333 years after onset. Her spinal fluid was never examined. Anterior horn cell loss and cortical spinal tract degeneration were demonstrated at necropsy. Conventional stains for central nervous system (CNS) spirochaetes were negative. Case 2.-A 42-year-old woman who had been on holiday in northern Wisconsin had arm weakness followed by dysarthria and weakness in all four limbs. There was no history of rash or arthritis. Atrophy and fasciculation were noted on examination. B burgdorferi antibody titres ranged from 64 to 4096 in this patient. Her CSF was normal. In view of the rise in titre while she was getting progressively worse intravenous ceftriaxonewas administered. Her disease seems to have stabilised. Case 3.-A 33-year-old man had left median prolonged motor and sensory distal latencies in September, 1985. He had previously been on holiday in northern Wisconsin. These findings progressed into hand weakness, generalised muscle fasciculation, and weakness characteristic of ALS. A first test for B burgdorferi was negative but a repeat test revealed a titre of 256. Case 4.-A 61-year-old man from Chicago had developed bilateral arm weakness. There was no history of rash or arthritis. Wasting, fasciculations, and depressed reflexes were present in the arms. The serum anti-B burgdorferi titre was 512. He died of respiratory failure. No necropsy was done. The finding of cases of ALS with high titres of B burgdorferi antibodies should be viewed in the context of other CNS diseases as diverse as dementia and multiple sclerosis for which similar antibodies have been reported. This could mean that the crossreactivity potential of B burgdorferi antigen is high—or that this spirochaete causes a wider diversity of common CNS syndromes than is generally recognised. Since there is no treatment for ALS and there is for chronic Lyme disease clinicians will ask if patients with ALS who have high-titre anti-Borrelia antibodies should be treated empirically with ceftriaxone, one of the antibiotics of choice for chronic B burgdorferi infection.6,7 At the least, it seems reasonable to find out if a patient with ALS does have B burgdorferi antibodies. Clinical Cell Biology Laboratory-Milwaukee, Milwaukee, Wisconsin 53211, USA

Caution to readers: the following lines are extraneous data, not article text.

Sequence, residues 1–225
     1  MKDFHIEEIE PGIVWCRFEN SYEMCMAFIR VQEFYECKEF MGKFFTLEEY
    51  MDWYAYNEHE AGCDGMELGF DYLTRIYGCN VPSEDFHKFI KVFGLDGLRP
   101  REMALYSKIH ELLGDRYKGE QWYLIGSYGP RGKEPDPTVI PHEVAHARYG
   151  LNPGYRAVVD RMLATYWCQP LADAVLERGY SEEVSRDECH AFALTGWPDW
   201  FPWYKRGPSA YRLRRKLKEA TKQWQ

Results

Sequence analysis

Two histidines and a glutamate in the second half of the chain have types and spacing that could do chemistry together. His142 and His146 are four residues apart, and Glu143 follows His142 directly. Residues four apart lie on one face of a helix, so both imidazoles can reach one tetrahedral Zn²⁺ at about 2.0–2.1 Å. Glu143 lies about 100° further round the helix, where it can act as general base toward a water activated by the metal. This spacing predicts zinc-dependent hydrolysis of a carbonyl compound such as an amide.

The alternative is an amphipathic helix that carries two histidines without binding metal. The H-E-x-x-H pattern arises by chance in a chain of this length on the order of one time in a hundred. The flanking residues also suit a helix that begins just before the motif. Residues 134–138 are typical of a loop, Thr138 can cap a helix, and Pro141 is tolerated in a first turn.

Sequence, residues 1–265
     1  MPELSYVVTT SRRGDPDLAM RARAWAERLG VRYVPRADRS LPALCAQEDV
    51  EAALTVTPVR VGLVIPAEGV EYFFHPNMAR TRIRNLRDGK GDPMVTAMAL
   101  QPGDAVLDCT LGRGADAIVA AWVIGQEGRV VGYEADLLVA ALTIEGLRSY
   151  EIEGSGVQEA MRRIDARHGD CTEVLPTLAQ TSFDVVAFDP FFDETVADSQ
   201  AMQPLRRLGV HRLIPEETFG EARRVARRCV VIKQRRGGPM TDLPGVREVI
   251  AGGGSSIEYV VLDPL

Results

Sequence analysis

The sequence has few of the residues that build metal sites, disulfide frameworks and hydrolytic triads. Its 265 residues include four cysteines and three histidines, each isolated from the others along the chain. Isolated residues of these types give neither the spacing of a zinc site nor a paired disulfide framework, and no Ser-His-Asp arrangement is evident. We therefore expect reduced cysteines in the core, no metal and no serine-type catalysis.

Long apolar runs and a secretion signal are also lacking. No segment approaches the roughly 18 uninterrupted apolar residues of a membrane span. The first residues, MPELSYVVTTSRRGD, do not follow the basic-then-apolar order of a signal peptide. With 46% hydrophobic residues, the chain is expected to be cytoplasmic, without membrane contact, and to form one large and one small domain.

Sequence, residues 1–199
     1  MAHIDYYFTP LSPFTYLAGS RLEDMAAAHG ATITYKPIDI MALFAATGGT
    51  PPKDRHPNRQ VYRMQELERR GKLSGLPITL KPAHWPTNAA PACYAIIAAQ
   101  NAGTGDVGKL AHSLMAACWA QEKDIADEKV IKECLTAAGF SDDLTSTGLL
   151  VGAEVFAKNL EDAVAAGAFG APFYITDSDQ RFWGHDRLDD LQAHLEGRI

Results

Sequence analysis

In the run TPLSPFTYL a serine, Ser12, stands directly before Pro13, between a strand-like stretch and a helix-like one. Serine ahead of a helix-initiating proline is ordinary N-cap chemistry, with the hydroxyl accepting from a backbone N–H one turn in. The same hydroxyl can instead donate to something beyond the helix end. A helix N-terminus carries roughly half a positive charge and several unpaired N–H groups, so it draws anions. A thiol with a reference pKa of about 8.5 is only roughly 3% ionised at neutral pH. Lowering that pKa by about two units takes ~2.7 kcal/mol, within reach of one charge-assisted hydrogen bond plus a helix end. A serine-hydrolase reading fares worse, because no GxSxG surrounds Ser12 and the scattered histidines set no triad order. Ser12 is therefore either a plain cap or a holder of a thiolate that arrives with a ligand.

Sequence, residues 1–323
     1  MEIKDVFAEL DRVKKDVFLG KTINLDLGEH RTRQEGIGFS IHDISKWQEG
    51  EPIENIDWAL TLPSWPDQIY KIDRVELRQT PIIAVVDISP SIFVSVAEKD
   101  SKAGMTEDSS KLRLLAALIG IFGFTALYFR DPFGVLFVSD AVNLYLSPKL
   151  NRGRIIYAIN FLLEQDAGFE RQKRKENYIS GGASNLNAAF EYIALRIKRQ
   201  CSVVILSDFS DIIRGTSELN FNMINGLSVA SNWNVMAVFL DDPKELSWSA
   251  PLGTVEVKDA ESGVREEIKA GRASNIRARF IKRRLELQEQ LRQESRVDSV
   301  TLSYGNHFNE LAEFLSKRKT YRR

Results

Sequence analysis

BURTON A. WAISBREN
Department of Neurology, Montreal Neurologic Institute and Hospital, Montreal, Quebec, Canada
State Laboratory of Hygiene and Department of Medical Microbiology, University of Wisconsin-Madison
RONALD F. SCHELL
Department of Microbiology, University of Minnesota Medical School
1 Reik L, Steere AC, Bartenhagen NH, et al. Neurologic abnormalities of
Lyme disease. Ann Intern Med 1980; 93: 8-16. 2. Pachner AR, Steere AC. The triad of neurologic manifestations of Lyme disease Neurology 1985; 35: 47-53. 3. Reik L, Burgdorfer W, Donaldson JA. Neurologic abnormalities in Lyme disease without erythema chronicum migrans. Am J Med 1986; 81: 73-77. 4. Steere AR. Spirochaetal disease of the CNS. Neurol Clin 1986; 4: 207-22. 5 Russell H, Sampson JS, Schmid GP, Wilkinson HW, Plikaytes B. Enzyme linked immunosolvent assay and indirect immunofluorescent assay for Lyme disease. J Inf Dis 1984; 149: 465-70. 6. Dattyler RJ, Halperm JJ, Pash H, Luft BJ. Ceftriaxone-effective therapy in refractory Lyme disease. J Inf Dis (in press). 7. Johnson RC, Codner C, Russell M. In vitro and in vivo susceptibility of Lyme disease spirochetes, Borrelia burgdorfert to 4 antimicrobials. Antimicrob Ag Chemother (in